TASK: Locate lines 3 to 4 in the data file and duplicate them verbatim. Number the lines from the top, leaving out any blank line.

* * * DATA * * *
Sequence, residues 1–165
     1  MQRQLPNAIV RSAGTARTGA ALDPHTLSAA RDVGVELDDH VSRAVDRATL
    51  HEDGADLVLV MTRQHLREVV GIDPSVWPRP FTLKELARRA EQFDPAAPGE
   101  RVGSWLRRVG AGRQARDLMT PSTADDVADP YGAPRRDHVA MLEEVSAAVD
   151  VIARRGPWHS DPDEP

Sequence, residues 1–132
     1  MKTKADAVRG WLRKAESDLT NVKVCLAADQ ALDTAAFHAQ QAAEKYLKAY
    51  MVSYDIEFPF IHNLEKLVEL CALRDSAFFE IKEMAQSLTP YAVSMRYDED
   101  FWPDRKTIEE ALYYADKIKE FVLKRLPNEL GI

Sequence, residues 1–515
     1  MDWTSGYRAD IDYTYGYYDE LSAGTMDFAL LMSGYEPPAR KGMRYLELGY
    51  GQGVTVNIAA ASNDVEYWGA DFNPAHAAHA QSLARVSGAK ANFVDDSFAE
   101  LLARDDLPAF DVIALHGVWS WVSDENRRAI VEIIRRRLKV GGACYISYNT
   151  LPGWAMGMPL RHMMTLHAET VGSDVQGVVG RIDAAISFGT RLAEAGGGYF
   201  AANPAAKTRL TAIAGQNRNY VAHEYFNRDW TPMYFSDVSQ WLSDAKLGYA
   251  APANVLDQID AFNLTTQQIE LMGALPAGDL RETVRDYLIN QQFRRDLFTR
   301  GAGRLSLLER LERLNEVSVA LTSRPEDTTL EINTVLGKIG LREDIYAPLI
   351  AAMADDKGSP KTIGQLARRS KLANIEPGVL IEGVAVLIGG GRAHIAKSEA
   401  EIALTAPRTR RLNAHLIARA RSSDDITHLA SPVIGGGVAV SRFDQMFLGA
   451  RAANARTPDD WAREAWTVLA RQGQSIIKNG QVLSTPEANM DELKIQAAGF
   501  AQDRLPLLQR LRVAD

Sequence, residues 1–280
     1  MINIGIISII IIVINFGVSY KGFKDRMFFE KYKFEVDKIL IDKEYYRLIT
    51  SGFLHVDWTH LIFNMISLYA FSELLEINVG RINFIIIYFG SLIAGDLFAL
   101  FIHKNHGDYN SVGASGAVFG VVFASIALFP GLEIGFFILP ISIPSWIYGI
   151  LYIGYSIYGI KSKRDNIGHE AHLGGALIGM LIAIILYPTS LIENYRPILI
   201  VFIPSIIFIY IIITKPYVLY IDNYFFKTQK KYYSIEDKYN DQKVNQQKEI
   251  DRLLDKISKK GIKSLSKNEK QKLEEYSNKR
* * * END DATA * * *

    51  HEDGADLVLV MTRQHLREVV GIDPSVWPRP FTLKELARRA EQFDPAAPGE
   101  RVGSWLRRVG AGRQARDLMT PSTADDVADP YGAPRRDHVA MLEEVSAAVD